Following a recent seminar session at International Jewellery London (IJL), Retail Jeweller chatted to Lianne Piroddi, assistant editor fashion, at research and advisory firm Stylus, to hear her thoughts on the topic on sustainability and reinvention in the jewellery sector.
Q: Just to put things into context for us, can you tell us why sustainability and reinvention is relevant to the jewellery sector specifically?
A: The fine jewellery industry historically fraught with ethical issues – from diamonds sourced in war-torn countries and labour violations in mines, to massive carbon footprints and a general lack of transparency. Consumers are now increasingly aligning themselves with brands that represent values they care about and so sustainability is key, and it is important that jewellery brands are addressing this.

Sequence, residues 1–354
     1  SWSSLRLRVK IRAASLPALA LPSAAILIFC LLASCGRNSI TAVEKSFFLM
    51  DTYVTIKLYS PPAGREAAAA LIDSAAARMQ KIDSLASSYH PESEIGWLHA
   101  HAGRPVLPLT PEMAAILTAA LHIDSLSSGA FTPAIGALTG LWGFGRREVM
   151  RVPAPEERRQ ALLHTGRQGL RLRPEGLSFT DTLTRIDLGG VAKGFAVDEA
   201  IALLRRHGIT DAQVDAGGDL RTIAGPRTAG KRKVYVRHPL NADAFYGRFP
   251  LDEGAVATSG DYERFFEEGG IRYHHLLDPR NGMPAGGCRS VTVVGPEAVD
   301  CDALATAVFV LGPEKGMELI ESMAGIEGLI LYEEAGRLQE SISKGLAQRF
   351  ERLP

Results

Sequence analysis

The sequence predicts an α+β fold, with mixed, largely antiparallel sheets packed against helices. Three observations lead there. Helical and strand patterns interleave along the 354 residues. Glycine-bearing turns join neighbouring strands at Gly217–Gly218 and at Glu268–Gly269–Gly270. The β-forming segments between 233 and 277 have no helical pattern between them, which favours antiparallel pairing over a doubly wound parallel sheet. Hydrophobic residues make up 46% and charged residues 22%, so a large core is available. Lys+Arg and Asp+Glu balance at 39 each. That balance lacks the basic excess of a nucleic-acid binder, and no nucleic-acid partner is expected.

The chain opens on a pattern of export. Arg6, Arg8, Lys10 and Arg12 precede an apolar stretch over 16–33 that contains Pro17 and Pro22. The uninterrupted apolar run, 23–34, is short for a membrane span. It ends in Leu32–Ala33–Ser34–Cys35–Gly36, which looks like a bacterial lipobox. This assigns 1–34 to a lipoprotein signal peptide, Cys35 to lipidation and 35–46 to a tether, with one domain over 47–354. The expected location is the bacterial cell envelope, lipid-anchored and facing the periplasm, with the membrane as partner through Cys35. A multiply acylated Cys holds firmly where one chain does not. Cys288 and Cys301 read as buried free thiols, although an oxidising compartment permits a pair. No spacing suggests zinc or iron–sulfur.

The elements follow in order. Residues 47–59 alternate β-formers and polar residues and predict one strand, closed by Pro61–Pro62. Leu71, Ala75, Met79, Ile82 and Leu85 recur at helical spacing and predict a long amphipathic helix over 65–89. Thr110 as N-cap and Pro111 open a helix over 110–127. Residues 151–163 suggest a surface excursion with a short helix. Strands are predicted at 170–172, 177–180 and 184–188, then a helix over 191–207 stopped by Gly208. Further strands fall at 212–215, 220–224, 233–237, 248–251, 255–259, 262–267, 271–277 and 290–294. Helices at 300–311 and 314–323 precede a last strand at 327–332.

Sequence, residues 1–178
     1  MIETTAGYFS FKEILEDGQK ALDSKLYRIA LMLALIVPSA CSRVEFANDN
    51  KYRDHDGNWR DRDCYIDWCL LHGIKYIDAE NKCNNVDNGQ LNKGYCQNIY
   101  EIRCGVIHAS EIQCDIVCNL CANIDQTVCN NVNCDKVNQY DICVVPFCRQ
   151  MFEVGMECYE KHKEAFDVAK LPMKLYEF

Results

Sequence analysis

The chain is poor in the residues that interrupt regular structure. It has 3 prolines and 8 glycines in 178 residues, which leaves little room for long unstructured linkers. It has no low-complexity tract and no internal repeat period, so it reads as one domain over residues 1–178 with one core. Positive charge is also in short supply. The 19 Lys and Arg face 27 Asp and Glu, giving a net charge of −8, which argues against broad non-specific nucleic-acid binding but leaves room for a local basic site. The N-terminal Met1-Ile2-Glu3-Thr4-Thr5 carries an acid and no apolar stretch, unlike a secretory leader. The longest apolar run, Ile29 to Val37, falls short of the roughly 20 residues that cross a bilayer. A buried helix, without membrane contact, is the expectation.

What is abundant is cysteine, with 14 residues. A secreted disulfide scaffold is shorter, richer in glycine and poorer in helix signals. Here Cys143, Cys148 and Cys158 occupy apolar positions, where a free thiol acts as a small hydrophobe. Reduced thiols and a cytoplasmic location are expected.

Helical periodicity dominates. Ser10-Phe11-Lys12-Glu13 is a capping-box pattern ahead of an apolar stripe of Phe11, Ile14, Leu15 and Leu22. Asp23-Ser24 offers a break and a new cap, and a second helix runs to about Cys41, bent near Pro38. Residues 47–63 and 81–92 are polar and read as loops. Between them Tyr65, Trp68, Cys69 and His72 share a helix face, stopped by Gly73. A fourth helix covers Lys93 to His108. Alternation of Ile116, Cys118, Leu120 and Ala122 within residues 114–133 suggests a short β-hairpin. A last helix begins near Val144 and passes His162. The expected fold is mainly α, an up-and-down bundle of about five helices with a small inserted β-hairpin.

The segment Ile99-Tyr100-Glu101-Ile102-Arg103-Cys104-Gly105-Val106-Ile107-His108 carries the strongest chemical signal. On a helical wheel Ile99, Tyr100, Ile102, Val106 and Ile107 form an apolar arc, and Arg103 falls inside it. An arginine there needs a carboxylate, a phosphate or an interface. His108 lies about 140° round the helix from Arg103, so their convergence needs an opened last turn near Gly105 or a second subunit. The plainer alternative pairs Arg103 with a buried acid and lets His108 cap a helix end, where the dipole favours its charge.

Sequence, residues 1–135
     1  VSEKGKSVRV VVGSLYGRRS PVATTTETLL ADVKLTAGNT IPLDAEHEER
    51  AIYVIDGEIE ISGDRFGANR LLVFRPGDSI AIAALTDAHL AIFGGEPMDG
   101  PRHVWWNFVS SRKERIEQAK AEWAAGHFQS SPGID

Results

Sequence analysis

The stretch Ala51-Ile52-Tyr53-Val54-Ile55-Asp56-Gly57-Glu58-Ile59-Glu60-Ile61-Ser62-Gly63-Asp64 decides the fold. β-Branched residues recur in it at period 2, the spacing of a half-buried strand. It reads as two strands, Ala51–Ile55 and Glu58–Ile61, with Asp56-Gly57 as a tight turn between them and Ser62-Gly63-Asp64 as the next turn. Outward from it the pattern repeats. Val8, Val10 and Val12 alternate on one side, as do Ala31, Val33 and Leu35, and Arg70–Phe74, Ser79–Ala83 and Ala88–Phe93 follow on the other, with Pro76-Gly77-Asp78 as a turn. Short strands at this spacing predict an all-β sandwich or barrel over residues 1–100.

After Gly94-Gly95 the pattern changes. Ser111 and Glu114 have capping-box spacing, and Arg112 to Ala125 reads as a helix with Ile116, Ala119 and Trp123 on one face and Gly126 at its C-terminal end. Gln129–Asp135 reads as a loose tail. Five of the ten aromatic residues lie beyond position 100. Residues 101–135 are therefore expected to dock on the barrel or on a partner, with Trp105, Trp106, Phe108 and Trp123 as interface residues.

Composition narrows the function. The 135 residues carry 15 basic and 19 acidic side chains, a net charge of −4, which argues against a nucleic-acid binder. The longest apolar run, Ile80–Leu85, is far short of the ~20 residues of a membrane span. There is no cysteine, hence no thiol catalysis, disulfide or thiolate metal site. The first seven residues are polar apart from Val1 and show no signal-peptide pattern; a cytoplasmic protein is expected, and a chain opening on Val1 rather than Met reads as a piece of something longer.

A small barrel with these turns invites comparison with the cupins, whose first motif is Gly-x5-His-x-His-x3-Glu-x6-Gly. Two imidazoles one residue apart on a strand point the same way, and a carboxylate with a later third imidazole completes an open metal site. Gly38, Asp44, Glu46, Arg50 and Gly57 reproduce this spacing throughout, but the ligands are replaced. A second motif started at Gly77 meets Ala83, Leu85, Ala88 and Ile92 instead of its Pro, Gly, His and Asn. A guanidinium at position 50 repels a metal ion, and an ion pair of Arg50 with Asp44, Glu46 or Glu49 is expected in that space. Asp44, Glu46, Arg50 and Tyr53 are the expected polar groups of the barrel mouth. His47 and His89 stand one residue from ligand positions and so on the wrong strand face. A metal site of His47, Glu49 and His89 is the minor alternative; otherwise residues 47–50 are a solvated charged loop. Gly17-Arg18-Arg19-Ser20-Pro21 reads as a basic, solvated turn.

The jewellery industry has successfully evolved over the last few years to capture shifts in consumer desire and purchasing patterns, through new aesthetics in product design, new categories – as well as consumer engagement. Also, women are now buying fine jewellery for themselves as rewards for success in their lives or as a celebratory purchase. It is great to see how the jewellery industry has responded to these shifts so far.
Q: Do you have any stats or research that support this?
A: There is a real opportunity for the jewellery sector at the moment. A recent McKinsey report said that the global jewellery industry has seen healthy sales growth – up by 10% in 2017. Also Euromonitor stats show the industry is set to grow to a $364bn dollar industry by 2022 and that the retail value of the UK fine jewellery industry rose for the fourth successive year in 2017 to a high of GBP£3.2billion pounds. So, this is quite an Exciting time for the industry. The category is majorly on-trend at a fashion level and incorporating sustainable practices can only support this momentum.
Q: Clearly the jewellery sector is fairly traditional, so would you say it needs to adapt in order to meet the needs of a new consumer?